DL: With this collection, it was more about creating stories around the characters that are in his pictures and then putting those into the perspective of clothes. It could be the beauty queen, for example, we identified a beauty queen in his pictures, a former beauty queen at prom. This amazing lady that we see in Gregory’s pictures, she is past that time, she is very removed and alone, but you can still see that beauty. For that specific character we did an angora knit with a diagonal cable in a contrast colour so it works like the sash that beauty queens wear. We did it in a bright yellow, but the diagonal knit was in an orange-red, which we matched with black socks and brown shoes. We did it in angora so it would have an aged feeling because we agreed that in Gregory’s photos there is nothing that can tell you about a certain time. We tried to mix elements and blur anything that would indicate a specific time, to try and get at the outside of time.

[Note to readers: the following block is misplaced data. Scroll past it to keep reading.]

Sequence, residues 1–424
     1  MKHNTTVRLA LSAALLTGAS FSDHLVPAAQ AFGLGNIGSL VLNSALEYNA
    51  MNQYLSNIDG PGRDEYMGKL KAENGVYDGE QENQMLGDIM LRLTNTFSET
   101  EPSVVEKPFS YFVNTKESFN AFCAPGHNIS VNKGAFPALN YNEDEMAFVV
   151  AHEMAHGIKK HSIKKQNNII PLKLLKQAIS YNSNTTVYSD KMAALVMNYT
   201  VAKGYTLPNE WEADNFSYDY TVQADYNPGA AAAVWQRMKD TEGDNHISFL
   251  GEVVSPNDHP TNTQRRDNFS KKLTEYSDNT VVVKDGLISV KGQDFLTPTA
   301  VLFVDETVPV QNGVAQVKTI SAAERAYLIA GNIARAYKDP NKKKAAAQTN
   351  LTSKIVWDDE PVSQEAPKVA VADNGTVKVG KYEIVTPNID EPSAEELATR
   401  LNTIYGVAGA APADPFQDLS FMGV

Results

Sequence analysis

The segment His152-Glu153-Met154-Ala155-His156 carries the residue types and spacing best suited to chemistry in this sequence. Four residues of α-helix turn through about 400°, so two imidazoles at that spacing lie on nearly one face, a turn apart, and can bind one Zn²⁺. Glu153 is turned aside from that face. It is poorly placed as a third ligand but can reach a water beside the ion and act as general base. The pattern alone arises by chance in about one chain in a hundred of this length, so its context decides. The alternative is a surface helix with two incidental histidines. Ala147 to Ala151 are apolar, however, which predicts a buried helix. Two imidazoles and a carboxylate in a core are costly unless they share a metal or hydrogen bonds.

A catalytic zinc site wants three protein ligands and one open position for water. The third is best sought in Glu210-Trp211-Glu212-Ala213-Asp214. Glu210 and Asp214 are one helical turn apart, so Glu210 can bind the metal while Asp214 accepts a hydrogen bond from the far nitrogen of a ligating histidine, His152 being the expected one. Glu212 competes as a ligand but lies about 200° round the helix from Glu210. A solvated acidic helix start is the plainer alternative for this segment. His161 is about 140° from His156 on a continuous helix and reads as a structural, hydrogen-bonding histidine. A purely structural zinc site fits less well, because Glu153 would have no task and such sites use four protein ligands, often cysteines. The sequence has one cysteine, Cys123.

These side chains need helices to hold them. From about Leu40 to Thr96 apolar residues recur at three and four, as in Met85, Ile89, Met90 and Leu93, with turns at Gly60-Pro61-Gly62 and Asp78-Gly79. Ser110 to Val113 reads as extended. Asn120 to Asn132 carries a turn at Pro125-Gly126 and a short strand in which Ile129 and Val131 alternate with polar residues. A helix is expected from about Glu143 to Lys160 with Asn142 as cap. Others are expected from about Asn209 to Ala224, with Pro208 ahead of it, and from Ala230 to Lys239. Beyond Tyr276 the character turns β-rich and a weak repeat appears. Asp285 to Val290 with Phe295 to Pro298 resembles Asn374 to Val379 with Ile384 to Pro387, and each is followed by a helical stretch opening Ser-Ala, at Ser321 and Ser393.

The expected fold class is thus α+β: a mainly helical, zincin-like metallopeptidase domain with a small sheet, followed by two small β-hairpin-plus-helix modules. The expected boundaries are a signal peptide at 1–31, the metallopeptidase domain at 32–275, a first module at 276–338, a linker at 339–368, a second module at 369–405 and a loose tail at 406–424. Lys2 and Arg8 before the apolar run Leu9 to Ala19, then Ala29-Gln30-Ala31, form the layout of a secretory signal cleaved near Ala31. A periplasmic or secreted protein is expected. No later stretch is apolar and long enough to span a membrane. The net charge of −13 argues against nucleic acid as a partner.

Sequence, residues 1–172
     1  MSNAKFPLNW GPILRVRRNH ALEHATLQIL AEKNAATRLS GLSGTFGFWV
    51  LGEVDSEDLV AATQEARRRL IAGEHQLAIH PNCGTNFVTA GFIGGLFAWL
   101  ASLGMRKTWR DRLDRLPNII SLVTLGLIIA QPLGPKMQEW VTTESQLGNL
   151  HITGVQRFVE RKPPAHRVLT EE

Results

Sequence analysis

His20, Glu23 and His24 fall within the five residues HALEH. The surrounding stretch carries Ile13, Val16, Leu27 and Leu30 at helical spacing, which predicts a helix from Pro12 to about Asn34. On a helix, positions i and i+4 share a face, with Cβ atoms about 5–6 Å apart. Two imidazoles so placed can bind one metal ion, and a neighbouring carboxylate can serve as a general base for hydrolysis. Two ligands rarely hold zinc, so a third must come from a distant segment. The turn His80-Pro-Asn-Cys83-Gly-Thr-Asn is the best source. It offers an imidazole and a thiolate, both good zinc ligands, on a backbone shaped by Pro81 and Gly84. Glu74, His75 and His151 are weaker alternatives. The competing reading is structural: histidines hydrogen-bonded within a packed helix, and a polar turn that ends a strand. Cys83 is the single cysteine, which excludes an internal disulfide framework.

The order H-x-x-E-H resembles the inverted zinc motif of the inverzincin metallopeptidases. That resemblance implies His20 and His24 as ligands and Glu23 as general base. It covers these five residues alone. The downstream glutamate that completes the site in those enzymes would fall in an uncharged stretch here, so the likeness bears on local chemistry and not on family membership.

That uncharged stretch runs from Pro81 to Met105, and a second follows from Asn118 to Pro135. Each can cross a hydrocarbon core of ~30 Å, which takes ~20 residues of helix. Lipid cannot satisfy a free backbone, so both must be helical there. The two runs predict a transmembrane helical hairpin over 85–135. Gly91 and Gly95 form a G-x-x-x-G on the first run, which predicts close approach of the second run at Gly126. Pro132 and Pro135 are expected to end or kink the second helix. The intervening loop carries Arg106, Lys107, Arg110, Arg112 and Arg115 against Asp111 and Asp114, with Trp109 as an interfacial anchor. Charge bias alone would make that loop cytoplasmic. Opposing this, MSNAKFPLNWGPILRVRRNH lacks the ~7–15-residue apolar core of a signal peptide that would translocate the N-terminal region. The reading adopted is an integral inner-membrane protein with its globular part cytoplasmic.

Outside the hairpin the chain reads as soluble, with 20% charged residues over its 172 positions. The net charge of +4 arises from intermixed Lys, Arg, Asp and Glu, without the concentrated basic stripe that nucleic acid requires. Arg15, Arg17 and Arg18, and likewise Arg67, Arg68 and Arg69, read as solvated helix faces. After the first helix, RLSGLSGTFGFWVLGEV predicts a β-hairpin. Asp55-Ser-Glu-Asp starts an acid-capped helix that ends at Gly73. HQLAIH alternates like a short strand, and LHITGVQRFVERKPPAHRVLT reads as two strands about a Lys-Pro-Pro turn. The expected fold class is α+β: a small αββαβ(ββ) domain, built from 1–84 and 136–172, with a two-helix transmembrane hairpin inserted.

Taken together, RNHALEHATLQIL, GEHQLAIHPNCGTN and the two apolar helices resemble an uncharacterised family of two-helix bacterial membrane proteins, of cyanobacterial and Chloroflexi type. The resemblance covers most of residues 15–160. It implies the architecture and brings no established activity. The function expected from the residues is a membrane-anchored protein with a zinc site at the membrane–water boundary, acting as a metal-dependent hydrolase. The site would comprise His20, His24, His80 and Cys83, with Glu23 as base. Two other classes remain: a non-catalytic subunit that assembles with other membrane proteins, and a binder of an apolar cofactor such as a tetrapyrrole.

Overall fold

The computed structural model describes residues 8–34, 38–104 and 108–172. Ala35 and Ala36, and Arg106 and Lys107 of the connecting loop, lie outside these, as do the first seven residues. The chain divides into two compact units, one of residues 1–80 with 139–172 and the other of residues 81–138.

SC: There’s certainly a concept of timelessness that continues through to your silhouettes.
DL: I’m from a different background to Gregory. In the Middle East, men traditionally wear suits. My dad was one of them, I remember following him to the tailor to get a new suit and this is a very strong memory for me. Also, I studied Civil Engineering at university, so for me, building something that lasts throughout time is very important. In my general way of thinking about clothes or collections, it has to have that timelessness, or be outside of time. It has to have a certain type of innovation to avoid becoming historic. Timeless can also become boring or historic, so you need to bring an element of innovation in order to refresh perspective. Timeless is a very good word, but it can also be bad.